Reducing Inflammation from Rheumatoid Arthritis
Ask an Expert: Should You Be Worried about Your Child's Birthmar…
The Doctors Dos and Don'ts for Putting Things 'Down There'
3 Tips for Cultivating More Gratitude and Kindness
What Is the Blue Poop Challenge -- And Should You Do It?
Is Drinking Chlorophyll Water Good for Your Health?
Can You Bring More Kindness and Compassion into Your Life?
How to Treat Summer Sandal Blisters
Is the TikTok Ab-Dance Worth Your Ten Minutes?
How to Treat Dry and Cracked Heels
How Long Should It Take for Your Food to Travel through Your Sys…
FDA-Approved Weight Loss Medication a Game Changer?
Legal Expert Wendy Murphy on the Importance of Public Uprisings
The Doctors' Best Dog Advice from Our Favorite Pet Lovers
Ask an Expert: How to Avoid Filler Fatigue
Ask an Expert: Are You Applying Sunscreen Wrong?
The Doctors Get Real about Popular TikTok Hacks
Ask an Expert: Essential Summer Sleep Tips to Beat the Heat
Ask an Expert: The Vital Post-Surgery Steps You Need to Follow
Cult Expert Rick Ross Identifies Popular Groups That Could Be Cu…
An estimated 1.3 million people in the U.S. suffer from rheumatoid arthritis (RA), a potentially debilitating disease in which the body’s immune system attacks itself for unknown reasons. There is currently no cure for RA.
“At the root of rheumatoid arthritis is the destruction that happens in the joint over time, because, literally, it’s attacking the joint lining,” ER physician Dr. Travis Stork explains. “As that occurs, you can get fluid buildup, swelling of your joints [and] wearing down of those joints. It can become bone-on-bone pain.”
Unlike the more common osteoarthritis, which only affects joints, RA degenerates joints, tissue and organs as it progresses.
While RA affects men and women of all races, statistics show that females are nearly three times more likely to develop the autoimmune disease than their male counterparts. RA usually affects both sides of the body, and the symptoms often mirror each other. Symptoms of RA range from mild to severe, and they can differ from person to person. At the onset of RA, certain patients present with warning signs that are typically not associated with the textbook definition of the disease.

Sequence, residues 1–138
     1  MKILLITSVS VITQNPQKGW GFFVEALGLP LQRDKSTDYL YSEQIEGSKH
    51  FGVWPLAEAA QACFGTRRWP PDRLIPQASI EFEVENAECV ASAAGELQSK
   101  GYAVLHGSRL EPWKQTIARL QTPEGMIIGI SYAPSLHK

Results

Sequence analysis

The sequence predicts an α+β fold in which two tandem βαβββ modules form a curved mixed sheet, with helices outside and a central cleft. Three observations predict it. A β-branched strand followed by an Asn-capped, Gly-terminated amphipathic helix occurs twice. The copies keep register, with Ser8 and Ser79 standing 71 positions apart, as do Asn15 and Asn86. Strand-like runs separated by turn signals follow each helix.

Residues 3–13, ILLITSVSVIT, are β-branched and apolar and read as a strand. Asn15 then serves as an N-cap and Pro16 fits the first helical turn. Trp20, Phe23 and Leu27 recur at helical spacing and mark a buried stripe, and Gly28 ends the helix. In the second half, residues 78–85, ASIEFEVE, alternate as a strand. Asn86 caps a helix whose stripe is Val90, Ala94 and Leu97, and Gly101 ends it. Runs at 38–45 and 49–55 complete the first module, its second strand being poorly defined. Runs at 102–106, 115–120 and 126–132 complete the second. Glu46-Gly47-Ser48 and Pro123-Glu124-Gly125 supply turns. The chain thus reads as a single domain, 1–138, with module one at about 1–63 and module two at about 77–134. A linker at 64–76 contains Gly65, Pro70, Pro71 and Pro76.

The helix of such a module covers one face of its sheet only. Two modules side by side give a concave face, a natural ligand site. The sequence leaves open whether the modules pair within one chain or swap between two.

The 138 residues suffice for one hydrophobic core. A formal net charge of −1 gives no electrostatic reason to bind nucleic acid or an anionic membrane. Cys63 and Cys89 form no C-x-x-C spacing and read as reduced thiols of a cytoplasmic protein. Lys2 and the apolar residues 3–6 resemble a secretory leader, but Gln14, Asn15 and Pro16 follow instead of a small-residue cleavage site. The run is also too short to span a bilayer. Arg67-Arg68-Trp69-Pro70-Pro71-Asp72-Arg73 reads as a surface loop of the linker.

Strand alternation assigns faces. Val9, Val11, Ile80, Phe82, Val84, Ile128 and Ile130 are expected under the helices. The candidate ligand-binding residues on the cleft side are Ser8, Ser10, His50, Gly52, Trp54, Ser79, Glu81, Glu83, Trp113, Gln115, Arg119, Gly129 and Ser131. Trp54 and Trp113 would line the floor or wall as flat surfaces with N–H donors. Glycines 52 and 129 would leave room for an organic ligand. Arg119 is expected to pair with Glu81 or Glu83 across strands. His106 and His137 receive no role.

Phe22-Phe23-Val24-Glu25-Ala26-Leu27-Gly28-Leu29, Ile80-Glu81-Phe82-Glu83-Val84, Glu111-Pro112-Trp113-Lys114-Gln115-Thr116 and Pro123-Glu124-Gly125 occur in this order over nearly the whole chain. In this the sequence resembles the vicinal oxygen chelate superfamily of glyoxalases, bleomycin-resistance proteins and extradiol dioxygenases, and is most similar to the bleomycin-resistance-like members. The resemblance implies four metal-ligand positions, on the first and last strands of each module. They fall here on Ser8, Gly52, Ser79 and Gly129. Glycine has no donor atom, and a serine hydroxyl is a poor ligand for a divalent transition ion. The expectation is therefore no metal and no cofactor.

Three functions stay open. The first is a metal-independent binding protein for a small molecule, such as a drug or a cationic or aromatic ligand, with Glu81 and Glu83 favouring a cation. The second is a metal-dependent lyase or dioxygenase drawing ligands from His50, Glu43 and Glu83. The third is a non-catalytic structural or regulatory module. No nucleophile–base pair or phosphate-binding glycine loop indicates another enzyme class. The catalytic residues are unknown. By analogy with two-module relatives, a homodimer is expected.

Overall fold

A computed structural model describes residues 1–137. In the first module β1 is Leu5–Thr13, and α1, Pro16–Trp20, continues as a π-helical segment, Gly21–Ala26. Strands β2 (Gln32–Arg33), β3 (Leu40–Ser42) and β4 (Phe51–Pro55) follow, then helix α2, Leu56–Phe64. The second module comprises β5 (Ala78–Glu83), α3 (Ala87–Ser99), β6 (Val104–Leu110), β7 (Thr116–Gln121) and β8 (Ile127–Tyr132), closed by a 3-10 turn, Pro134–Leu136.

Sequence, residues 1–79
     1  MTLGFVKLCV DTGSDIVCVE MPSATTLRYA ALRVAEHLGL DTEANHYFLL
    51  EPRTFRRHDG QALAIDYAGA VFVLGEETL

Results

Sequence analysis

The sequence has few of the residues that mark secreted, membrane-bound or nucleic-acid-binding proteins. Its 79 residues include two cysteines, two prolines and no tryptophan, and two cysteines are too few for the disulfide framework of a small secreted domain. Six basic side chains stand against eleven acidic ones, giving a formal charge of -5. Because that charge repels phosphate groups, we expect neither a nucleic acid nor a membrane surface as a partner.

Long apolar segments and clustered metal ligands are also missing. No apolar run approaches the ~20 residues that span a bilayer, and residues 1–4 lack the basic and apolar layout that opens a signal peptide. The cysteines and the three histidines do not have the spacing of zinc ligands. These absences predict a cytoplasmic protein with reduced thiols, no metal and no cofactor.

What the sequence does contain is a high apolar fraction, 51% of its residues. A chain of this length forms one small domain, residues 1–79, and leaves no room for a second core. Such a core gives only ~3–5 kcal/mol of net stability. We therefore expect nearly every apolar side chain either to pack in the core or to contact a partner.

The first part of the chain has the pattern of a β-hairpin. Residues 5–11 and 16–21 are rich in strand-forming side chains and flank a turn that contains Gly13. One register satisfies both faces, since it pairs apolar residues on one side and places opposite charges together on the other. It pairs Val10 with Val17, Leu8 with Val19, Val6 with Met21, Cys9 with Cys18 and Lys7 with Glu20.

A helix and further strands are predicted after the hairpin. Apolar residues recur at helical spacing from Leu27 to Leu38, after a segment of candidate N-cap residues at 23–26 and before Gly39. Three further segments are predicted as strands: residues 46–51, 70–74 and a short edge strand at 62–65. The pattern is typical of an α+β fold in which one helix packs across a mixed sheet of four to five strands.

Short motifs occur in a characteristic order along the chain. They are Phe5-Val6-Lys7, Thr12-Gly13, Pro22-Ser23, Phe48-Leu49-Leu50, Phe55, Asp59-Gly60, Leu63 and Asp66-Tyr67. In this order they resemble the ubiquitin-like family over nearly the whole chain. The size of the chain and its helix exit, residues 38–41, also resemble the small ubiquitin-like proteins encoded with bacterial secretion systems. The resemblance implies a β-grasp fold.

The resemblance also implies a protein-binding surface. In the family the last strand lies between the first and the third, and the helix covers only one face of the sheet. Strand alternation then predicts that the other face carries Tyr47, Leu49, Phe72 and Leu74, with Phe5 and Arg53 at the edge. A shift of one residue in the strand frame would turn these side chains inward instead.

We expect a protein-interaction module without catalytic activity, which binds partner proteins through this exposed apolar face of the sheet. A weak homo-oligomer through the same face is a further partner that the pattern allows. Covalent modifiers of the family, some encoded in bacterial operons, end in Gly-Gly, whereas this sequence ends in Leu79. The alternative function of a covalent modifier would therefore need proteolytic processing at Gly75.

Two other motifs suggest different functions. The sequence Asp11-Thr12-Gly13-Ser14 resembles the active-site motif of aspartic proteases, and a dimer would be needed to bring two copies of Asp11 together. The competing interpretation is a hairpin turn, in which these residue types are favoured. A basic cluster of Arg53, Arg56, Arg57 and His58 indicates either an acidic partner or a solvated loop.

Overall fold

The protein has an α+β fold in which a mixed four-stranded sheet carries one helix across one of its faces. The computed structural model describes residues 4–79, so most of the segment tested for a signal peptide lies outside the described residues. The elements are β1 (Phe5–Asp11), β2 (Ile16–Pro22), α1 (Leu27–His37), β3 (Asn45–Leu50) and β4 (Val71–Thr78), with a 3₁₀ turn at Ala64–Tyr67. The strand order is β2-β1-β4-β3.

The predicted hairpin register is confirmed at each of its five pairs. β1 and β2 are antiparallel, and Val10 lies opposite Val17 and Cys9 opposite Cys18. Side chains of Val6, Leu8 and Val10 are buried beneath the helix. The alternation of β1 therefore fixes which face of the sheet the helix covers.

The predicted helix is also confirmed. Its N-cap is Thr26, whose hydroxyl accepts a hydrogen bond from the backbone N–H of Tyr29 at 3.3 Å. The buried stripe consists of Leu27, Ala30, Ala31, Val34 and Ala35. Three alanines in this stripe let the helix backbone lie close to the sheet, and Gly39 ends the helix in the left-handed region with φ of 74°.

Such is the case for Tiffany, 43, who was diagnosed with RA in 2009 but had been experiencing frequent fevers and unexplained fatigue for the previous two years. “My joint and tissue pain initially presented itself only on one side of my body,” she says. “Once I started keeping a medical calendar, a pattern emerged and it showed fatigue, fevers and tenderness all occurring at the same time.”
Tiffany says her RA triggers extreme exhaustion, requiring her to take breaks from physical activity every two to three hours. “Grocery shopping, for example, can sometimes use up so much energy that I can’t even cook what I just bought,” she says.
Tiffany copes with her RA through a combination of medications, vitamins and low-impact activities, such as hiking and swimming. In addition, she started The International Foundation for Autoimmune Arthritis, a global non-profit organization that helps raise awareness about RA and other autoimmune diseases.
Healthy dietary choices also are important to prevent the progression of RA. Eliminating excess sugars and processed foods that cause bodily inflammation and incorporating more fish, olive oil, whole grains, fruits and vegetables may help alleviate symptoms.
Since RA affects everyone differently, a proper balance of nutrition, rest and exercise, as well as a thorough evaluation by a rheumatologist or physician trained to take care of RA patients is crucial for managing the chronic condition.